The first study, led by Charles Limb of the NIH and Johns Hopkins University, examined the brain activity of jazz musicians as they played on a piano. The musicians began with pieces that required no imagination such as the C-major scale and a simple blues tune they’d memorized in advance. But then came the creativity condition: The musicians were told to improvise a new melody as they played alongside a recorded jazz quartet.

While the musicians riffed on the piano, giant magnets whirred overhead monitoring minor shifts in their brain activity. The researchers found that jazz improv relied on a carefully choreographed set of mental events, which allowed the musicians to discover their new melodies. Before a single note was played, the pianists exhibited a “deactivation” of the dorsolateral prefrontal cortex (DLPFC), a brain area associated with planned actions and self-control. In other words, they were inhibiting their inhibitions, which allowed the musicians to create without worrying about what they were creating.

But it’s not enough to just unleash the mind — successful improv requires a very particular kind of expression. That’s why the fMRI machine also recorded a spike in activity in the medial prefrontal cortex, a fold of frontal lobe just behind the eyes. This area is often linked with self-expression — it lights up, for instance, whenever people tell a story in which they’re the main character. The scientists argue that this part of the brain is required for jazz improv because the musicians are channeling their artistic identity, searching for the notes that best summarize their style. “Jazz is often described as being an extremely individualistic art form,” Limb says. “What we think is happening is when you’re telling your own musical story, you’re shutting down impulses that might impede the flow of novel ideas.”

In the second experiment scientists at Harvard investigated the varieties of musical improvisation. They recruited 12 classically trained pianists and had them spontaneously create both rhythms and melodies. Unlike the Hopkins experiment, which compared brain activity between improv and memorized piano melodies, this brain scanning experiment was primarily designed to compare activity between two different kinds of improv.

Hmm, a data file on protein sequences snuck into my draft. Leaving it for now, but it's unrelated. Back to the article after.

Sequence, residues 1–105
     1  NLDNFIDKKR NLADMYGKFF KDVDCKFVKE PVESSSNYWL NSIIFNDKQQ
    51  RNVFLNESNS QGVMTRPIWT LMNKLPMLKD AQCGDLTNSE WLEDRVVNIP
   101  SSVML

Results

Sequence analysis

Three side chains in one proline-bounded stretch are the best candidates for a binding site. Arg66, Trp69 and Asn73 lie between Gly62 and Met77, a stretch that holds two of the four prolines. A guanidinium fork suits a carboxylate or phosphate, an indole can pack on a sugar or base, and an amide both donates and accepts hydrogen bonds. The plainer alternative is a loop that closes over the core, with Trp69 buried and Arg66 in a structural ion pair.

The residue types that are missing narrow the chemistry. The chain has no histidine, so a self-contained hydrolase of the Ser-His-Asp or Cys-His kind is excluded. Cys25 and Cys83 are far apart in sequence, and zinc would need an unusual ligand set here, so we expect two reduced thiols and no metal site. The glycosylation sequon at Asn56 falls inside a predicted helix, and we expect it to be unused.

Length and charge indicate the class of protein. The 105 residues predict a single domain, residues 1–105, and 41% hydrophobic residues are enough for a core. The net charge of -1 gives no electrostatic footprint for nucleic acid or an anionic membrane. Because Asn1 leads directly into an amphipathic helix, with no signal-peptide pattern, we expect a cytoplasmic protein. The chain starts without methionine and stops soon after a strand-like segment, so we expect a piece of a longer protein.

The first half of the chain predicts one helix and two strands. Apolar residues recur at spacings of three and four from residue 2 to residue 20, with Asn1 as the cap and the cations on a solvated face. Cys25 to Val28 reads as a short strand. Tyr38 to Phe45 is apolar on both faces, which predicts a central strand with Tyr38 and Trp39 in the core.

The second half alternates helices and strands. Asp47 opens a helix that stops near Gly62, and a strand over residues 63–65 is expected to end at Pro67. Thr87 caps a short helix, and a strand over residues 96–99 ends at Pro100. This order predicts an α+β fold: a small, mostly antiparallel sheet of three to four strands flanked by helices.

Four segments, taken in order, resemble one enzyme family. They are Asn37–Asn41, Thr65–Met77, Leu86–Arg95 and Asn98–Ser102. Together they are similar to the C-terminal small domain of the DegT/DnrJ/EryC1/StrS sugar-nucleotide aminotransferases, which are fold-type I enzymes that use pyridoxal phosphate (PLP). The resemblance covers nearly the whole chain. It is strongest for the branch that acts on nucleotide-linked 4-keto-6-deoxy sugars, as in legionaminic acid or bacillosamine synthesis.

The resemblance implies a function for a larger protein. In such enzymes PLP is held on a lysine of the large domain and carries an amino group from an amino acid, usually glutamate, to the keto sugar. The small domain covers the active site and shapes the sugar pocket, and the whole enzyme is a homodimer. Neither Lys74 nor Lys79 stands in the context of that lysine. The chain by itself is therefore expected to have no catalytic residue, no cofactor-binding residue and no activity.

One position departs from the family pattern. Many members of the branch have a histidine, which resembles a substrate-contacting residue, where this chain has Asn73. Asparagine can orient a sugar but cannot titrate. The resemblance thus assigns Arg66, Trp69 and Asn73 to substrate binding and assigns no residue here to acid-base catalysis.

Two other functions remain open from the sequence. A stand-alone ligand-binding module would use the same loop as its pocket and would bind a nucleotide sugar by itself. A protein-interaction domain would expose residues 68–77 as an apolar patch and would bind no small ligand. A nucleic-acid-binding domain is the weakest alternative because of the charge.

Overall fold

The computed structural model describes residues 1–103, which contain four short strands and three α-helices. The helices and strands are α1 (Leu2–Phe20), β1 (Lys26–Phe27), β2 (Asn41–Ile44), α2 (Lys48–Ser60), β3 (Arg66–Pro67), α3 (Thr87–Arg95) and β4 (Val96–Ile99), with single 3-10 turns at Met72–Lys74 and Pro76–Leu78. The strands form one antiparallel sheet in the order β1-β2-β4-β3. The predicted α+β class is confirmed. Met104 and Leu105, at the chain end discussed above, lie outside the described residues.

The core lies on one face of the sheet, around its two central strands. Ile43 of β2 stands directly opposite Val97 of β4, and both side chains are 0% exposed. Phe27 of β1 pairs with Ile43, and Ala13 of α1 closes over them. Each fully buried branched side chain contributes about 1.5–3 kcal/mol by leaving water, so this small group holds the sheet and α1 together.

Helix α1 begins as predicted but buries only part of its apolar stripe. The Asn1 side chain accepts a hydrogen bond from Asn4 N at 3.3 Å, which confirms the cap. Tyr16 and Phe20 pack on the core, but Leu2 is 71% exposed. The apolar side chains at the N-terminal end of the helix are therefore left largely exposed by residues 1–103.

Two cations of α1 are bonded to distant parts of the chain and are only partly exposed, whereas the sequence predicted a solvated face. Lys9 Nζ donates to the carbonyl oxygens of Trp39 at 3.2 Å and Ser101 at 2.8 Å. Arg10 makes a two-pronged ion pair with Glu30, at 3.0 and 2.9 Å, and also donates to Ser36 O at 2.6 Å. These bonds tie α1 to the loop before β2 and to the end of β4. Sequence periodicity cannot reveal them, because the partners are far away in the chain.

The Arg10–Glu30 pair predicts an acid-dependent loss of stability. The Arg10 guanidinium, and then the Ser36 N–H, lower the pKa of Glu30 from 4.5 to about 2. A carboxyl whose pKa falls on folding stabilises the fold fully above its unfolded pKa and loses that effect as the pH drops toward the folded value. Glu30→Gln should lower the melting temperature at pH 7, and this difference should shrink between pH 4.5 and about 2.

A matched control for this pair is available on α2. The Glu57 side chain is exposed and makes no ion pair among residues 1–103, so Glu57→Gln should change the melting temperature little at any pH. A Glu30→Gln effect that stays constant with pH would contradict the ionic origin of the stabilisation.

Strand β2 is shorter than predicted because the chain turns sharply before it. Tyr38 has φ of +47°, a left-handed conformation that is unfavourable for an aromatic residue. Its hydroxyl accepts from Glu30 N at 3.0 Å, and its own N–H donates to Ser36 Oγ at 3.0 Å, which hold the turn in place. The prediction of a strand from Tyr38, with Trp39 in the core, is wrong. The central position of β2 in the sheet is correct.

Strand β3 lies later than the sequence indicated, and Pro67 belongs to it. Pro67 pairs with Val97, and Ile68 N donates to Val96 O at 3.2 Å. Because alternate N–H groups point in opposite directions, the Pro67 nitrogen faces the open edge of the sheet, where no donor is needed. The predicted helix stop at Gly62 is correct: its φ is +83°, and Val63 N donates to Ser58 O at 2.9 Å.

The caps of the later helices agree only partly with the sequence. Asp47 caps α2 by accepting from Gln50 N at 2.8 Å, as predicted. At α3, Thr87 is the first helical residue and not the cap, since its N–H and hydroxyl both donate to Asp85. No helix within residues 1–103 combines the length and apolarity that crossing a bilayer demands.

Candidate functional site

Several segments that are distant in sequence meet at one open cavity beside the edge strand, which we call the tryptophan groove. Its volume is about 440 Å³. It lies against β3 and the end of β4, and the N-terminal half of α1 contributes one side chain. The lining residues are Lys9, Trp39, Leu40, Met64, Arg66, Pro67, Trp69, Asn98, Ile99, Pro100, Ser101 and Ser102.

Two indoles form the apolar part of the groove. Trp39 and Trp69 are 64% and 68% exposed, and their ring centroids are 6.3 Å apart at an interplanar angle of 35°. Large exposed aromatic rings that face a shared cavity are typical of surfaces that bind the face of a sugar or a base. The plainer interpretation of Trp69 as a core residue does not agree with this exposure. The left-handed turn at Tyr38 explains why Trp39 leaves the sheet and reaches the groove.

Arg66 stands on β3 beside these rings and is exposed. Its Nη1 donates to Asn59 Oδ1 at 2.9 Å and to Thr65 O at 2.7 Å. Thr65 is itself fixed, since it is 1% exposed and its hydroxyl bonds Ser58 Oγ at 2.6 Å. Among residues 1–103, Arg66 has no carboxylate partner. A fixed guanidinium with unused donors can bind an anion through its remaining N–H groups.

As expected, both improv conditions led to a surge in activity in a variety of brain areas, including parts of the premotor cortex and, most intriguingly, the inferior frontal gyrus. The premotor activity is simply an echo of execution — the novel musical patterns, after all, must still be translated by the fingers. The inferior frontal gyrus, however, has primarily been investigated for its role in language — it includes Broca’s area, which is essential for the production of speech. Why, then, is it so active when people create music on the piano? The scientists argue that expert musicians create new melodies by relying on the same mental muscles used to create a sentence; every note is another word.

These two brain-scanning studies provide an elegant view into our seething cauldron. They reveal a brain able to selectively silence that which keeps us silent. And just when we’ve found the courage to create something new, the brain surprises us with an expression of ourselves. We suddenly find our reflection — not in the mirror, or even in our words. It’s in the music.

Iluminar el cerebro con algas

Who would have predicted that researchers who spend their days teasing apart the complexities of the human brain would be indebted to pond scum? In some ways, that day has come: Thanks to light-sensitive proteins from green algae and other microorganisms, neuroscientists can now activate and record brain cells with unprecedented precision.